A Russian cargo ship carrying supplies and equipment for the International Space Station has blasted off from the Baikonur space center in Kazakhstan Thursday.
Mission Control outside Moscow says the Russian Progress cargo craft lifted off successfully from the launch site in Kazakhstan, loaded with food, fuel and water for the two-man crew at the International Space Station.
The cargo ship will also deliver equipment, including a spare hose to replace one that caused a slow air leak aboard the orbiting outpost earlier this month. The air leak led to a drop in air pressure that has since been stabilized.
The current occupants of the space station are the U.S. astronaut, Michael Foale and Russian cosmonaut, Alexander Kaleri.
Among other equipment to be delivered to the ISS, after the ship's expected docking on Saturday, are two mannequins especially designed to study the impact of radiation in space.
Scientists say such studies are essential for planning future manned space missions to the moon and Mars, like the one U.S. President Bush proposed earlier this month.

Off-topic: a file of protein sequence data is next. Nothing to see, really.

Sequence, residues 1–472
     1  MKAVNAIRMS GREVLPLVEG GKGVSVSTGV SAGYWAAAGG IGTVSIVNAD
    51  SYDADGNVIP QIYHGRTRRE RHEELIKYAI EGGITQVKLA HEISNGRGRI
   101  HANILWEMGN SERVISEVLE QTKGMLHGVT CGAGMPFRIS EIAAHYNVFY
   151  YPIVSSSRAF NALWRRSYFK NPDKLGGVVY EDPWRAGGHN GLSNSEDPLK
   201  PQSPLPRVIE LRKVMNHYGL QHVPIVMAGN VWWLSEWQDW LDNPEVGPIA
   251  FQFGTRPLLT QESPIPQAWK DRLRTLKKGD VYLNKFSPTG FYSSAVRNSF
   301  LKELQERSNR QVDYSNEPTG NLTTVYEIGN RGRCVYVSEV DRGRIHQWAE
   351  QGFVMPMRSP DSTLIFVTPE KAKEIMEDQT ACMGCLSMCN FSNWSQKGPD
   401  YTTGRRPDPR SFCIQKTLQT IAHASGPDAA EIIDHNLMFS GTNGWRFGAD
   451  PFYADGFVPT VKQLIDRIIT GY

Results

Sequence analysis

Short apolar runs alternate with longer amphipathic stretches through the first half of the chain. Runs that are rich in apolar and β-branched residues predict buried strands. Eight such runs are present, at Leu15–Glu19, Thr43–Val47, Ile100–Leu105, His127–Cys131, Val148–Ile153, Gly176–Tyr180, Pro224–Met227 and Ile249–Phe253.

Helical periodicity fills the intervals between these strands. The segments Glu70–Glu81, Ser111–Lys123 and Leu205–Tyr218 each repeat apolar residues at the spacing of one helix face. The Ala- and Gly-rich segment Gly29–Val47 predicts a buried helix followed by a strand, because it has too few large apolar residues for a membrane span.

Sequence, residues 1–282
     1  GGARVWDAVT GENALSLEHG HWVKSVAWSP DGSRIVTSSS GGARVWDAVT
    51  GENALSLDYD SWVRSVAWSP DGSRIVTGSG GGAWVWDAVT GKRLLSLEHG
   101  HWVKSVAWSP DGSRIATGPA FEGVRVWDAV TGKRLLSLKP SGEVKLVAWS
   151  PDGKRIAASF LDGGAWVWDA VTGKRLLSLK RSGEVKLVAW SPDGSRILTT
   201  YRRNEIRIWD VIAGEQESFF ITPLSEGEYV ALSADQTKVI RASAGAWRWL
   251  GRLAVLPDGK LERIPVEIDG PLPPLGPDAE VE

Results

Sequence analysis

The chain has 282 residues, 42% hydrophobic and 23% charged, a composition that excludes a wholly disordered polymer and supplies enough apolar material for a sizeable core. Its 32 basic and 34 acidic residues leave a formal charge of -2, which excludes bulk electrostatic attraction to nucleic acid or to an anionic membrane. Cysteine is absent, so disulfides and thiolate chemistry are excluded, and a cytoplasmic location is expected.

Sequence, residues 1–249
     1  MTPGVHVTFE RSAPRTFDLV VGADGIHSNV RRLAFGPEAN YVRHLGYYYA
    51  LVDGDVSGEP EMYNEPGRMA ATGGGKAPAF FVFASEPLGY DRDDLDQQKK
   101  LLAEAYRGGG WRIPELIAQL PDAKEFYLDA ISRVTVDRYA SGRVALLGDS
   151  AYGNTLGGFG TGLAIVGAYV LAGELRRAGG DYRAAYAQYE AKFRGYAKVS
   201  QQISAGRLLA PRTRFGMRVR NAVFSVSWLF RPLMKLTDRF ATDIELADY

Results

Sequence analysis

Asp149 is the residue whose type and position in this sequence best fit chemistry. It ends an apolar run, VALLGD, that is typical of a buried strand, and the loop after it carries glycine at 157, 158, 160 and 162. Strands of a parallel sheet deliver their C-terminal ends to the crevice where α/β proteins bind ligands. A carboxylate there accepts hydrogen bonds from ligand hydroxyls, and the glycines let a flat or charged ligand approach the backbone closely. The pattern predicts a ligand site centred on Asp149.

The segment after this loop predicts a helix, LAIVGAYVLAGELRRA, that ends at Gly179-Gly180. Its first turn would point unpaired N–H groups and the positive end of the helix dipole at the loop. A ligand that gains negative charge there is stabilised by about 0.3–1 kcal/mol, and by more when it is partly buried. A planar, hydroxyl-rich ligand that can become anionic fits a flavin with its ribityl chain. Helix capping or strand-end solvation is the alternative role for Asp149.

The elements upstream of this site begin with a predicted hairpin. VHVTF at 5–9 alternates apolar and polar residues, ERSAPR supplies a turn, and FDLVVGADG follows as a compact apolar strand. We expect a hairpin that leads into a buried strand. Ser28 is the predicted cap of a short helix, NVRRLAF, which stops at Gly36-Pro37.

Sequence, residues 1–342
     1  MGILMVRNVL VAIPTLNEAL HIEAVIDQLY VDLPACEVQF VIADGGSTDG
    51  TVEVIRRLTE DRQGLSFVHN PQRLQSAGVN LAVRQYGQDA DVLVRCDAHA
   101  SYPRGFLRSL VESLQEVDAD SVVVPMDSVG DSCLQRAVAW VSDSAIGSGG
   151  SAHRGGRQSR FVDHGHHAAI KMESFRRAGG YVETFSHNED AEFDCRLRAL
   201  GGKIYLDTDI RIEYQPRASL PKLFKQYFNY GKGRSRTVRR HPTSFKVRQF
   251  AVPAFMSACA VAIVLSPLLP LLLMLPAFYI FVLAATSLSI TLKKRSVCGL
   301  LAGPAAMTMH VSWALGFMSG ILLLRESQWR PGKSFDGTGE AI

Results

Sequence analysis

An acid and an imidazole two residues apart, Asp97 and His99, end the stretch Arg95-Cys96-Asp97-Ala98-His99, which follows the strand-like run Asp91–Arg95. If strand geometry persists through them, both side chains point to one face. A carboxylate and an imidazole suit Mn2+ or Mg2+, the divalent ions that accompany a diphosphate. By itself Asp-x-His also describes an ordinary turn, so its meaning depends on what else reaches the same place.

In his State of the Union address, Mr. Bush announced plans to return U.S. astronauts to the moon by 2020 in preparation for manned missions to Mars and beyond.
Russian space officials have said they would be interested in cooperating with the United States on the planned missions, but are concerned about costs.
The head of Russia's space program, Yury Koptev, has also expressed frustration that the United States has yet to give a date for the resumption of U.S. shuttle flights to the International Space Station. A U.S. Space Agency's web site says the next shuttle flight won't take place before mid-September.
NASA grounded the shuttle early last year after the U.S. Shuttle Colombia disintegrated on reentry into Earth's atmosphere, killing all seven astronauts on board.
Russia has been handling all cargo and manned flights to and from the ISS ever since.